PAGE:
Bunny Brown and His Sister Sue on Grandpa's Farm/4



Bunny Brown and his sister Sue stood looking at the queer, big automobile. They had seen some like it once before passing through the town, loaded with tables, chairs, a piano and other things, when someone was moving. But this automobile was different.

Inside, as the children could see, were four small beds—"bunks" they were called, as Bunny knew, for that was what a bed was called on a ship, or big boat. And a bunk was like a shelf, sticking out from the side of the wall.

Besides the bunks, inside the big automobile van, there were chairs, a table, and a cupboard, in which, through the glass doors, could be seen dishes.

"Oh, Bunny!" cried Sue. "We're going to eat! We're going to eat! I see the dishes. We're going to eat in this auto!"

"Yes, and we must be going to cook, too," said Bunny. "I see an oil stove, and some pots and pans. That is we are going to eat if this is our auto," he went on, looking again at the man who had steered it into the yard of the Brown house. "Is it ours?" Bunny asked.

"Well, your father told me to bring it up here, and leave it, so I guess it must be yours, or his," and the man smiled at Bunny and Sue.

"Oh, goodie!" cried the little girl, dancing up and down for joy. "It's our auto! It's our auto!"

"Fine!" exclaimed Bunny, with eyes that sparkled almost as brightly as did Aunt Lu's diamond ring, which was found in the lobster claw. "And are we going to have a long ride in it?" Bunny asked.

"Well, as to that, I don't know," answered the man. "Your father told me to bring the auto up here and leave it. He'll be home pretty soon, I guess, and tell you all about it. I'll be going now."

The man had put the brakes on, so the wheels could not turn, and thus let the automobile run away. Now he waved his hand in good-bye to the children and walked off. Bunny and Sue raced into the house.

"Oh, Mother!" cried Sue.

"Oh, Mother!" cried Bunny.

Then both together they fairly shouted:

"Come on out and look at the big auto!"

Mrs. Brown smiled, and went out with the children. She did not seem as much surprised as they had been.

"What's it for. Mother?" asked Bunny. "The man said papa sent it up. Are we going to take a long ride in it?"

"Well, I think so. Bunny."

"But if we go riding in this how can we go to grandpa's farm?" Sue wanted to know.

"You had better wait until your father comes home, and he'll tell you all about it," her mother replied.

"May we go inside and look at it?" asked Bunny.

"Yes, come along," and Mrs. Brown led the way up the little pair of steps that were fastened at the back of the big automobile.

Once inside Bunny and Sue thought they had never seen such a fine place. It was just like a little house of two rooms, one room being shut off from the other by heavy curtains.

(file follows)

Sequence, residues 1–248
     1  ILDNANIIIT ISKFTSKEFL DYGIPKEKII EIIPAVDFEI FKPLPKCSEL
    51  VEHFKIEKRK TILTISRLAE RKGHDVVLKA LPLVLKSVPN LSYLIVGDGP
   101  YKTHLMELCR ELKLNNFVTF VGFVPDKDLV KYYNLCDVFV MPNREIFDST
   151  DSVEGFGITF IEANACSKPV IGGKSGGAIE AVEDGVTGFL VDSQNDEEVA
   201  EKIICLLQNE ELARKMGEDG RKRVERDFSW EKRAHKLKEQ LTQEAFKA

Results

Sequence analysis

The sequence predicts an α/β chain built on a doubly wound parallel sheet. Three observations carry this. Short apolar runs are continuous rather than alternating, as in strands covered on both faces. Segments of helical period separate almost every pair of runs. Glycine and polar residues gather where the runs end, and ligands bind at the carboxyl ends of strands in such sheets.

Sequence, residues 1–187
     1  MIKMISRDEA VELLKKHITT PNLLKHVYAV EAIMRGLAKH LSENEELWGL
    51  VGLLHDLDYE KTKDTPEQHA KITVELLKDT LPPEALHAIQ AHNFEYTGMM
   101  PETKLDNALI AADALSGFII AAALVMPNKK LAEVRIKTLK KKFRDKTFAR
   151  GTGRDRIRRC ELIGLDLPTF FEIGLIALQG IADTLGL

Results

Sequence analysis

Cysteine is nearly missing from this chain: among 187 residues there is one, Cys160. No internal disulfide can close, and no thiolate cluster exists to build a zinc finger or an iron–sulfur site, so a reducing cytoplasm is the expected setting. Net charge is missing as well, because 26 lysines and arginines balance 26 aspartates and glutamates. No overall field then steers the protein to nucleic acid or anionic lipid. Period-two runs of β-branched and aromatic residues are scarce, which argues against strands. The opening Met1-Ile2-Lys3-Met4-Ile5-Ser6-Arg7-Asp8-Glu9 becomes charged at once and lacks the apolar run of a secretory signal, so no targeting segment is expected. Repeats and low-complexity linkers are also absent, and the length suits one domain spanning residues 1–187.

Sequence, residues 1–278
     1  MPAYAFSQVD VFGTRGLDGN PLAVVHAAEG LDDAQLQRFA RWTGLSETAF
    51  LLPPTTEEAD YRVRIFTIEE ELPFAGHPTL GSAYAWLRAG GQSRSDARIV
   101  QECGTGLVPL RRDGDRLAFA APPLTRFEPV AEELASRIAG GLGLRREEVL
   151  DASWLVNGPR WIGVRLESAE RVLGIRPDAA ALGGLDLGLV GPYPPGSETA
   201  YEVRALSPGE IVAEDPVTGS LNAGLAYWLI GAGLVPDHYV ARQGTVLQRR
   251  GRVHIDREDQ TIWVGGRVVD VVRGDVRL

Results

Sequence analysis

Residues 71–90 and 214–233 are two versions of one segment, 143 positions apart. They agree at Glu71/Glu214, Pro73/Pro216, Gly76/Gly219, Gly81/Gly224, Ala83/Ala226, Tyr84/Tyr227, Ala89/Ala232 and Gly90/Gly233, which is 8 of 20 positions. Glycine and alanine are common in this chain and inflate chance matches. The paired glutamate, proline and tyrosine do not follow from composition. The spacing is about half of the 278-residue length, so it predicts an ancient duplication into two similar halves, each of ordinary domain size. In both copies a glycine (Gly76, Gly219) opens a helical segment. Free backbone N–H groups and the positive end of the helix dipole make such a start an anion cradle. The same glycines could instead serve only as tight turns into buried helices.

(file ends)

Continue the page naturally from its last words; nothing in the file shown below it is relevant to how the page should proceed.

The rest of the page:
The first room they went into was where they would eat and cook, and, when the table was cleared off, they could sit around it and read, or play games. There was a hanging lamp over the table.

There were two windows in this room, with nice, white curtains draped over them. And along the sides of the room were cupboards, and little places where dishes, pans and other things could be put away. There was even a clock on the wall, to tell the time.

In the next room, as Bunny and Sue could see through the curtains, which were pulled back, were four beds, two little ones, Bunny's and Sue's, and two larger beds, or bunks, for Mr. and Mrs. Brown. In this room were also two boxes, or chests.

"That is where we shall keep our clothes when we are traveling," said Mother Brown. There was a lamp in this room, and windows, with pretty, flowered silk curtains over them.

"Then we are really going to travel in this auto?" asked Bunny eagerly.

"Yes," answered his mother with a smile.

"But I thought we were going to grandpa's!" remarked Sue. She did not know what it all meant.

"Well, I think this is papa's secret," went on her mother, "and you will have to wait until he comes home when he can tell you all about it."

Bunny and Sue shook their heads. They did not know what it all meant, but they thought the automobile was fine, and they could hardly wait for the time to come when they should travel and live in it.

"It's just like a sleeping car on the railroad train," said Sue.

"It's better!" Bunny cried. "You can eat in it too. Once I ate on a train, but my milk all spilled in my lap when I tried to drink out of my glass."

Bunny and Sue had once traveled all night on the railroad, and had slept in a bed on the car, and had also eaten in the dining coach, so they knew something about it.

For some time the two children looked about inside the queer, big automobile that was made into a little house, and then they climbed down the steps again.

"And it's real, too. It isn't make-believe!" said Bunny, as if that were the best part of it.

"Shall we have real things to eat?" asked Sue.

"Oh, I think so," her mother told the little girl.

"I—I feel hungry now," observed Bunny, with a sigh.

"Well, run to the house and get some cookies," his mother said. "Then you and Sue may go off and play for a while. But don't go too far. It will make the time pass more quickly, and when you come back daddy will be here, and will tell you all about the big automobile."

"Come on. Sue!" cried Bunny. "We'll have some fun."

Soon the children, a cookie in each hand, were racing about the yard, playing with Splash, the big dog. Splash liked cookies, too, and I think he had almost as much of Bunny's and Sue's as did the children themselves.